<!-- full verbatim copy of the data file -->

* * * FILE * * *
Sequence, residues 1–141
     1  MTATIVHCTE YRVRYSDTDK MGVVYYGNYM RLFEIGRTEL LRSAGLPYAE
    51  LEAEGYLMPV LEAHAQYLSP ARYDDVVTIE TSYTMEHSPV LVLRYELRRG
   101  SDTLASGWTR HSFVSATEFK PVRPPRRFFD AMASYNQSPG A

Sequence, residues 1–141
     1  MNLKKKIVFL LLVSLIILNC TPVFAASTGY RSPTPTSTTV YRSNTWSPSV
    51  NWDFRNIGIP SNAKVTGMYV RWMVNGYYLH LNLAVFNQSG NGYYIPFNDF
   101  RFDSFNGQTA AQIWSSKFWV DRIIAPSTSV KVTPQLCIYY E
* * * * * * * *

Sequence, residues 1–141
     1  MTATIVHCTE YRVRYSDTDK MGVVYYGNYM RLFEIGRTEL LRSAGLPYAE
    51  LEAEGYLMPV LEAHAQYLSP ARYDDVVTIE TSYTMEHSPV LVLRYELRRG
   101  SDTLASGWTR HSFVSATEFK PVRPPRRFFD AMASYNQSPG A

Sequence, residues 1–141
     1  MNLKKKIVFL LLVSLIILNC TPVFAASTGY RSPTPTSTTV YRSNTWSPSV
    51  NWDFRNIGIP SNAKVTGMYV RWMVNGYYLH LNLAVFNQSG NGYYIPFNDF
   101  RFDSFNGQTA AQIWSSKFWV DRIIAPSTSV KVTPQLCIYY E